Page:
General News of Friday, 27 January 2017
The Kwame Nkrumah University of Science and Technology (KNUST) has developed a mobile phone-based system of voting to check the high incidents of rejected ballots during polls.
The ‘Global System for Mobile Communication Balloting System’ is expected to an improvement on the current paper ballot system and also present a more efficient system to prevent multiple voting.
The innovation by the Kumasi-based university is contained in a 2015 Research Report. The new system hopes to ride on the current wide availability of broadband internet, smartphones and tablets to improve the country’s electoral system.
With the significant increase in mobile phone usage (some 116% of the population) the system will allow votes from electorates to be received by the Electoral Commission via text messages.
Only one vote is recorded even if a voter texts more than once. The system is pioneered by a team of researchers at the Department of Physics, led by Dr Reuben Yao Tamakloe, a Senior Lecturer at the University.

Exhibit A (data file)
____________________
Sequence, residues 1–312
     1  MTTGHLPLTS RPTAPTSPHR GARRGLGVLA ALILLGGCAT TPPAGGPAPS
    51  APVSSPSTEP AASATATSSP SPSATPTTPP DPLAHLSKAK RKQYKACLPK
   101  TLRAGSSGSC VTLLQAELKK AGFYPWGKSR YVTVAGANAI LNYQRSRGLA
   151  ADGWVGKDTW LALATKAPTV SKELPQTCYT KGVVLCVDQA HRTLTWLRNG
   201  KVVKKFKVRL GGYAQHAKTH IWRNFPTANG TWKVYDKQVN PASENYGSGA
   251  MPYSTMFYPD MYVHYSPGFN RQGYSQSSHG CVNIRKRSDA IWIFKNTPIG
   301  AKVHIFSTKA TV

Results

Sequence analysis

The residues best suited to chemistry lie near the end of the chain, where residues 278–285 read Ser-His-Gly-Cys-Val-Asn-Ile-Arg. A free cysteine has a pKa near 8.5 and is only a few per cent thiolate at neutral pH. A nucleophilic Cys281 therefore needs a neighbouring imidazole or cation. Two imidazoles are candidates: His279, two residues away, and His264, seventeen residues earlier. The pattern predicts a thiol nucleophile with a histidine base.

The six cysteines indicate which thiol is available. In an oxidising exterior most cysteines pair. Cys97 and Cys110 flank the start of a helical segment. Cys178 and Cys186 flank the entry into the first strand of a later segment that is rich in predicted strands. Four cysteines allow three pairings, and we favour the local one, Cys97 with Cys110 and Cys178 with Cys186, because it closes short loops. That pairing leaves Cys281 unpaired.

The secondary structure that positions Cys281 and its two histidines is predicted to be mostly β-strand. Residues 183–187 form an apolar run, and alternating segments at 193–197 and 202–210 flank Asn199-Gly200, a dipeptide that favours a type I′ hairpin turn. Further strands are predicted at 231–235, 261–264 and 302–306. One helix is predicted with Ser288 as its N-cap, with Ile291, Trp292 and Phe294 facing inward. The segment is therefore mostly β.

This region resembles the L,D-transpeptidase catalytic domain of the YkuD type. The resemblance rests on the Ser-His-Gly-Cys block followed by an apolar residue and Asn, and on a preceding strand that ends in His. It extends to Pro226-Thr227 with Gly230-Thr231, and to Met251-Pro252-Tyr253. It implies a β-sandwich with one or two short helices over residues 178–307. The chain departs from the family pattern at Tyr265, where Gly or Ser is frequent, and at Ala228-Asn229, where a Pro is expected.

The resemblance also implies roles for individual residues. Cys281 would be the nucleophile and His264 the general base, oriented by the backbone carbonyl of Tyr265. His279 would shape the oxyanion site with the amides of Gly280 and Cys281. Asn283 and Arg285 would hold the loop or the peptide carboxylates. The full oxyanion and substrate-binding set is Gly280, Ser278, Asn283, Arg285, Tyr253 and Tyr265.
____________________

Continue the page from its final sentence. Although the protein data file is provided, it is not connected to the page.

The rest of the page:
According to the report, the system “has the capability of significantly reducing the occurrence of invalid votes and multiple voting as well as enabling the immediate display of election results”.
The sheer number of spoilt ballots recorded during elections has become a source concern for the Electoral Commission and governance experts who say it affects the democratic process.
Although public education on spoilt ballots usually precedes elections, it has become a major feature of the electoral process.
Sometimes the percentage of spoilt ballots exceeds the percentage of votes some political parties have obtained in the electoral process.
In the just-ended election, rejected ballots accounted for 1.566% of total valid votes – beating the total votes garnered by the Progressive People’s Party (PPP), 1%; Convention People’s Party (CPP), 0.24%; People’s National Convention (PNC), 0.21%; National Democratic Party (NDP), 0.16 and Joseph Osei Yeboah, 0.15%.
In 1992, rejected ballots accounted for 3.6% of the valid votes cast, this figure reduced to 1.5% in 1996.
In the first round of the 2000 general election, rejected ballots accounted for 1.8% of the valid vote counts and reduced to 1.58 per cent during the presidential run-off.